We’ve gathered some of the biggest up and coming health trends that are gaining momentum for 2020.
1. Cannabis tea
As predicted by the Global Wellness Summit, with the legalisation of cannabidiol (CBD) – a nonpsychoactive compound derived from hemp – a variety of new CBD-infused products has hit the market, from oils to foods and beauty products. The report also predicted that the endocannabinoid system – the body mechanism that interacts with cannabinoids – would soon be getting as much buzz as the microbiome and good gut bacteria, a trend that
continues to flourish.
The latest addition to the CBD conversation is cannabis tea. Easy to consume, all-natural and efficient, it’s been pegged as the next big thing. In its rawest form, the tea – which is packed full of CBD – can interact directly with the nervous system and is believed to relieve stress, help relaxation, improve sleep and even alleviate pain.
2. Plant-based meal alternatives
This global trend continues to promote innovative meat alternatives, with the arrival of lab-grown salmon, meatless burgers, ‘tuna’ made from legumes and other creative options that are entering the market. While you might not see them on any menus just yet, plant-based meals are predicted to take the food industry by storm, as global awareness of sustainability and the climate crisis gains momentum.
3. Workplace wellness
This year, promotion of health, fitness and mental wellbeing in the workplace will encompass on-site gyms, the inclusion of wellness programmes such as yoga and meditation, greater time flexibility and various other support and evaluation systems. Research has shown that health promotion in the workplace leads to improved output from staff, making it a beneficial way forward for both them and employers.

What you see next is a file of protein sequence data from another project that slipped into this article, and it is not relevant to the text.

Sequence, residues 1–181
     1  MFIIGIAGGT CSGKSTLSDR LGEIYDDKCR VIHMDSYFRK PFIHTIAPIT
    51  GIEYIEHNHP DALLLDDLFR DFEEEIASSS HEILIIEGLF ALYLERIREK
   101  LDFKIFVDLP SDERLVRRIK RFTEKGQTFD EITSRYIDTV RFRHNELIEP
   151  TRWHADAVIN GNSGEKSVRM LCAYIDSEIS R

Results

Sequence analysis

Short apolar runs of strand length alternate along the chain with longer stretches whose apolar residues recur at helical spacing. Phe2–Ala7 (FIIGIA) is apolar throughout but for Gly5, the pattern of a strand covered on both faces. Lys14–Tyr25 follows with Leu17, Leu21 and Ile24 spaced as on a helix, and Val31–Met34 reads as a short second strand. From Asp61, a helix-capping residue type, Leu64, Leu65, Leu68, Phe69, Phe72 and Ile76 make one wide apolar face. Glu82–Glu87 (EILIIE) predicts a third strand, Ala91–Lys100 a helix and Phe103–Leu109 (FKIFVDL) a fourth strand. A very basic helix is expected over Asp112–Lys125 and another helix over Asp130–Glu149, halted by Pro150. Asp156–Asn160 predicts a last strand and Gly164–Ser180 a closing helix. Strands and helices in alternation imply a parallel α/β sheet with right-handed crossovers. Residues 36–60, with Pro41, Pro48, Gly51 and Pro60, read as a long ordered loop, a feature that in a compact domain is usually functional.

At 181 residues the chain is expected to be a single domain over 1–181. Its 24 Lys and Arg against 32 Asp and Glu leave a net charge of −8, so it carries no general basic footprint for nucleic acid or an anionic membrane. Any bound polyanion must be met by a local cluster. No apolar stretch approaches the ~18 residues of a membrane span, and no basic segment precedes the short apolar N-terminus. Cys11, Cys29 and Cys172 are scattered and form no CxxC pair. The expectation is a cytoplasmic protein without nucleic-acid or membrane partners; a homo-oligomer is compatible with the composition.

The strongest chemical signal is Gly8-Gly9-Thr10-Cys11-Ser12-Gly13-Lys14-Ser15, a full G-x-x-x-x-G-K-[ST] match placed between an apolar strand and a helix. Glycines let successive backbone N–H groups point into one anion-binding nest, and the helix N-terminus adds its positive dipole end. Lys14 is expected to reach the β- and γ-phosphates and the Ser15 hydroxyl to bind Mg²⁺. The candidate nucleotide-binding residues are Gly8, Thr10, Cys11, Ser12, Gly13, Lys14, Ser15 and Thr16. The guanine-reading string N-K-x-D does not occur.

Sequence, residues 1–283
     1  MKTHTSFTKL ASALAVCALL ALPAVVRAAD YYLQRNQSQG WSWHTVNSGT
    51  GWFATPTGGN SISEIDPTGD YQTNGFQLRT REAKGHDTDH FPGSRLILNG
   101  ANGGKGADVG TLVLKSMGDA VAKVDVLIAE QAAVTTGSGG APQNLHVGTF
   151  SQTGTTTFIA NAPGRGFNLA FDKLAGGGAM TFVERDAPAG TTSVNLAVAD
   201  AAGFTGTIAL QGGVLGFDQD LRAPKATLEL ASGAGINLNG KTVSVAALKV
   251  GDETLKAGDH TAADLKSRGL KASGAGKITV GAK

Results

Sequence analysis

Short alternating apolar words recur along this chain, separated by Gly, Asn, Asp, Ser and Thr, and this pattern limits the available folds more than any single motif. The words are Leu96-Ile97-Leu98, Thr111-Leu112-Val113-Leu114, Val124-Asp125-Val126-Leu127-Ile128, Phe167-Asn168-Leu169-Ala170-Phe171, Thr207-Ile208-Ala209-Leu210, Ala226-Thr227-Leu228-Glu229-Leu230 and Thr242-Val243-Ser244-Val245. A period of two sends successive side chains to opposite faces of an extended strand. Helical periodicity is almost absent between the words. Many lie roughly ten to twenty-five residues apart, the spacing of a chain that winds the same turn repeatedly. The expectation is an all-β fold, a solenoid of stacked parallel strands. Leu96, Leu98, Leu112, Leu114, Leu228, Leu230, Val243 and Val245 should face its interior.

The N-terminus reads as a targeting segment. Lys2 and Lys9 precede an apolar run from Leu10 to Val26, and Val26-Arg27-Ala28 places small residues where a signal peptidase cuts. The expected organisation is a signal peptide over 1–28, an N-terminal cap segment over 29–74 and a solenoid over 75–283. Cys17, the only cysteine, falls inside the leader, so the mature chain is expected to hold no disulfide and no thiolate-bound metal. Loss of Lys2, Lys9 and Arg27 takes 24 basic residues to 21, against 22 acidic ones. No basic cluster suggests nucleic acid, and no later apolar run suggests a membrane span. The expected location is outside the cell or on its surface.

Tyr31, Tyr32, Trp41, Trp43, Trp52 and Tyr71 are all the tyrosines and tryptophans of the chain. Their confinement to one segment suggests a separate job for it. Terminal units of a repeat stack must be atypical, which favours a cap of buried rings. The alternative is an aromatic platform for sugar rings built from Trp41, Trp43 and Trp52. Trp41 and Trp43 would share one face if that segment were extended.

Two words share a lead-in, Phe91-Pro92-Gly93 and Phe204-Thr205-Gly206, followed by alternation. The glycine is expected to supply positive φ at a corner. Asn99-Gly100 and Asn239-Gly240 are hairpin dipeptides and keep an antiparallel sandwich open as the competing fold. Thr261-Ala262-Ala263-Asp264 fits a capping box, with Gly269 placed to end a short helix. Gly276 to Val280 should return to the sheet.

According to the Global Wellness Summit, outdoor activity is better for us than we guessed. According to one study, a brisk 25-minute daily walk outdoors could add at least three years to our lives. The benefits of being in nature have also been linked to lower incidences of asthma, heart disease, anxiety, diabetes, migraines, depression, and breast and colon cancer. With this in mind, ‘green exercise’ (ie, done outdoors) is on the rise, as is working outside and bringing the outdoors in by adding living grass walls and plants to work spaces. One study found that offices with plants and green spaces could increase productivity by 15%, improve focus and increase wellbeing. The National Health Service Shetland, in Scotland, has even begun giving out ‘nature prescriptions’: pamphlets describing the benefits of outdoor activity for high blood pressure, depression and anxiety.
5. DNA-Tailored health regimes
Apart from revealing your personal ancestry, DNA testing can be a means of finding out details about your health, help you identify changes you can make to your diet and fitness regimes for maximum impact and allow you to monitor their effects on your body. A perfectly tailored health and wellbeing programme could soon become a reality,
ensuring that each individual is working in the best way for their particular genetic make-up.
6. Digital detoxing
Most of us are hopelessly addicted to our phones – and the cracks are beginning to show in our health and mental wellbeing. While our brains have become trained to release dopamine (the ‘happiness’ hormone) when we receive a like or a comment on social media, spending time on these platforms has also been proven to have links to anxiety, low self-esteem and depression. Constant checking of our various profiles is predicted to become a thing of the past, as living in the moment and the richer experience of real life is once again discovered and embraced, so leave your phone at home for a few hours!
FEATURE: CAITLIN GENG IMAGES: STOCK.ADOBE.COM
This information is not intended to be a substitute for professional advice, diagnosis and treatment. Always consult your GP or a medical specialist for specific information regarding your health.